Report on the Practice of Forced Marriage in Canada: Interviews with Frontline Workers
Exploratory Research Conducted in Montreal and Toronto in 2008
2. Analysis of Data Collected from Field Workers
2.4 Reasons for forced marriage
Numerous reasons that vary according to the social, cultural, economic, political and legal context explain the existence of planned and potentially forced, marriage. They may be cumulative or they may overlap. The respondents identified a number of reasons that seem to be at the basis of these marriages.
2.4.1 Because marriage is a social act, a family matter
Some parents do not ask their children for their opinion when they consider it appropriate for them to get married. This is most often the case when young girls are concerned, but also sometimes with young men, because parents consider marriage a social act that is a matter for the nuclear or extended family and even the community, and they consider it their duty to have their children marry. As far as the parents are concerned, this role is fundamental and failure to perform it would be negligent or even a dereliction of duty on their part.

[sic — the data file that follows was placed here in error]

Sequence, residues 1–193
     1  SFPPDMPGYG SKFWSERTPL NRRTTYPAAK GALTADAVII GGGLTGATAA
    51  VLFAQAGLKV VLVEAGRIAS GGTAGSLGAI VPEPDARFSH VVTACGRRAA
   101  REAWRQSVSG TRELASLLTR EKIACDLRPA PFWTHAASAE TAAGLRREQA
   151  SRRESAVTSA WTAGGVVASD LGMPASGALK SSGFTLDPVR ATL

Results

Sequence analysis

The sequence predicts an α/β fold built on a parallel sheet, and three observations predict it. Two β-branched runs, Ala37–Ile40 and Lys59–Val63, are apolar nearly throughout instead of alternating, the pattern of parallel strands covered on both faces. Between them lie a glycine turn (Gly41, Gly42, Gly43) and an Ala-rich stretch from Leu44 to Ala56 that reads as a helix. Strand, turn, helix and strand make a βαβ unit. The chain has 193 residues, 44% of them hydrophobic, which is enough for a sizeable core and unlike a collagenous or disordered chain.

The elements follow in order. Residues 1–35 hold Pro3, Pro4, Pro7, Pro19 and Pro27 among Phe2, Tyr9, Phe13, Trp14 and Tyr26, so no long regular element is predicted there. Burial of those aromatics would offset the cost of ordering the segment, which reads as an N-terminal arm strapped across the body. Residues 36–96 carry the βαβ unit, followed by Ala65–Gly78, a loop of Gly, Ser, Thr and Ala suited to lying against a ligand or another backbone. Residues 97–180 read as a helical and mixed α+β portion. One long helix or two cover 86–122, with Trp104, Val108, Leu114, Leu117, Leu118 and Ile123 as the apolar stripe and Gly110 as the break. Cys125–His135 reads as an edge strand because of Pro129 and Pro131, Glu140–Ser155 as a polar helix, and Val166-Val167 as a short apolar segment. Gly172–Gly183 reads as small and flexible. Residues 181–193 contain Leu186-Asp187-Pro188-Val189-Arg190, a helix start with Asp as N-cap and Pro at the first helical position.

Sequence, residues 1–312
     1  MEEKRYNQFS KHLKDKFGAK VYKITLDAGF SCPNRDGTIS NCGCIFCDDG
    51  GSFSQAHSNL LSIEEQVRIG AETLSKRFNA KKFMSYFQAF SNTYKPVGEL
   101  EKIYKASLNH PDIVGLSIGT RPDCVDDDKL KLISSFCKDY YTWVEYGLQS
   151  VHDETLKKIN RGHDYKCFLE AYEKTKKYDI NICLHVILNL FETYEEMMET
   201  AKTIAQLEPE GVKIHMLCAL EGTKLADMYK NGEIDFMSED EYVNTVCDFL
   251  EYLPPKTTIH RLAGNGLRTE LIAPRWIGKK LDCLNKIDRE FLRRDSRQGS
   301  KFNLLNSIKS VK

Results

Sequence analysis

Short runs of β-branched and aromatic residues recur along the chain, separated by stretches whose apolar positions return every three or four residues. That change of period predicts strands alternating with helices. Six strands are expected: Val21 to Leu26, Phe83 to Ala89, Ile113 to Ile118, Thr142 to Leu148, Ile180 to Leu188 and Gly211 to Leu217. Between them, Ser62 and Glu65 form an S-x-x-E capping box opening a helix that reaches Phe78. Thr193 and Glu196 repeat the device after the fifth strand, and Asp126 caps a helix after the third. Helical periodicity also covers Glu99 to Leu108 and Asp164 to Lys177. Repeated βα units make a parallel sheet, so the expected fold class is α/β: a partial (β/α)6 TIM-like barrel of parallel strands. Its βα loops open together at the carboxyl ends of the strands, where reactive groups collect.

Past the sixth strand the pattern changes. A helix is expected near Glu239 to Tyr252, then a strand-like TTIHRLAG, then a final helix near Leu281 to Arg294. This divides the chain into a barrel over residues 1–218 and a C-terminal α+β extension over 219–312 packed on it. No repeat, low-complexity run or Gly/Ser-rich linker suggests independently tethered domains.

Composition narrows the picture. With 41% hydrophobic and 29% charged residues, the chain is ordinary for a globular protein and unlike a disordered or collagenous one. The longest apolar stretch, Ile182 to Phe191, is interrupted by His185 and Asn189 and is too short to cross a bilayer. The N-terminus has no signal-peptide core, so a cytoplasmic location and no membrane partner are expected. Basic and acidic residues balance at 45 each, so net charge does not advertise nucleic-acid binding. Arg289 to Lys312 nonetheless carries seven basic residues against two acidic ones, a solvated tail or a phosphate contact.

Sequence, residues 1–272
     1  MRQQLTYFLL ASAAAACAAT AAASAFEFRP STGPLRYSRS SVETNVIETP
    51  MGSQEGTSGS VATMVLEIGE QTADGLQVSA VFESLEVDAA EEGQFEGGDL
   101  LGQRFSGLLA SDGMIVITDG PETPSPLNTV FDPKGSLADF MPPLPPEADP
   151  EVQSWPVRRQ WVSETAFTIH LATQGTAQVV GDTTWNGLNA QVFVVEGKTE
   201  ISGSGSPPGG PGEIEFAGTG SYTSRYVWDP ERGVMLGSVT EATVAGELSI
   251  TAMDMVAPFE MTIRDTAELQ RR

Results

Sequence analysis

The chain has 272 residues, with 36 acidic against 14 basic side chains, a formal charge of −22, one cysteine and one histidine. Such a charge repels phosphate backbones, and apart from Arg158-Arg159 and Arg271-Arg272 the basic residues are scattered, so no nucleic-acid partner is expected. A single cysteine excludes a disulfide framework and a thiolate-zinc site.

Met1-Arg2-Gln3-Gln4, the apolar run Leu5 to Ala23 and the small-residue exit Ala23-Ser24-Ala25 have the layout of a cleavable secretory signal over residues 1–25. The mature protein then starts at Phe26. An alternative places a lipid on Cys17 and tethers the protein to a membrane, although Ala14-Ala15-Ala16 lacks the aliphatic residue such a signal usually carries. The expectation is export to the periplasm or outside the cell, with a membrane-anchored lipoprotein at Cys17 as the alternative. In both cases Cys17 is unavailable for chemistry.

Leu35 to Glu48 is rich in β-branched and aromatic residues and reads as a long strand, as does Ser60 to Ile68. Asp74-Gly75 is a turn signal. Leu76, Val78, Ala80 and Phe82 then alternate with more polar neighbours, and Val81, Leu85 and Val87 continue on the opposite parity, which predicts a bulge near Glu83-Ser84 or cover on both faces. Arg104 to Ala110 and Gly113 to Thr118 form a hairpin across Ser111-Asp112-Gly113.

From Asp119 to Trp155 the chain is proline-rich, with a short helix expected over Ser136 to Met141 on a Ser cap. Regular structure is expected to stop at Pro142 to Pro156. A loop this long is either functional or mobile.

First, a marriage is usually arranged between two families or between the girl's family and a young or older man. The young girl is informed of the plan at the beginning, along the way or only when the wedding is scheduled to be held either in the country of settlement or the country of origin. When the marriage is solemnized in the country of origin, often during an apparent holiday trip, the real reason for which is kept secret by the parents or social circle, young girls are faced with a fait accompli.
2.4.2 To protect young women